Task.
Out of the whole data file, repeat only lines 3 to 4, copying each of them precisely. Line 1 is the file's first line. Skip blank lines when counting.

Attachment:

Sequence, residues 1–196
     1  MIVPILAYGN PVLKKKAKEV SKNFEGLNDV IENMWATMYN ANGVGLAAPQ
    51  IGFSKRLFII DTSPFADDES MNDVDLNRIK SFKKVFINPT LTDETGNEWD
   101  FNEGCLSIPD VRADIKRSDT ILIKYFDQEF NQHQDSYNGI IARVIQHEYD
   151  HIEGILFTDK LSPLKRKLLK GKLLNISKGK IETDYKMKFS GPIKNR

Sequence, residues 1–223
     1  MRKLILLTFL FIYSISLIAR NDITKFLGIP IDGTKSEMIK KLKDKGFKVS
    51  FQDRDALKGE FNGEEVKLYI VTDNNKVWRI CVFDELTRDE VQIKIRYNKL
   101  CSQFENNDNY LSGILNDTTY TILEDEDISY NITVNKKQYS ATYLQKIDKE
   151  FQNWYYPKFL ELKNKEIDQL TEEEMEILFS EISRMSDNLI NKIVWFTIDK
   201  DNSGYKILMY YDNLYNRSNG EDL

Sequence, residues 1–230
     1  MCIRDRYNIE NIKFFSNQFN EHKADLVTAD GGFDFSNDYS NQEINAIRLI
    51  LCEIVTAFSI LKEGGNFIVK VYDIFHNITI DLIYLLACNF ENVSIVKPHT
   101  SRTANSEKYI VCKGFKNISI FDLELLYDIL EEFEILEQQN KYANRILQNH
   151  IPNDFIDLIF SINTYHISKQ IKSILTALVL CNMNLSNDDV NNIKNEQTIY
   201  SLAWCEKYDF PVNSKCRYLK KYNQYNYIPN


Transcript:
    51  IGFSKRLFII DTSPFADDES MNDVDLNRIK SFKKVFINPT LTDETGNEWD
   101  FNEGCLSIPD VRADIKRSDT ILIKYFDQEF NQHQDSYNGI IARVIQHEYD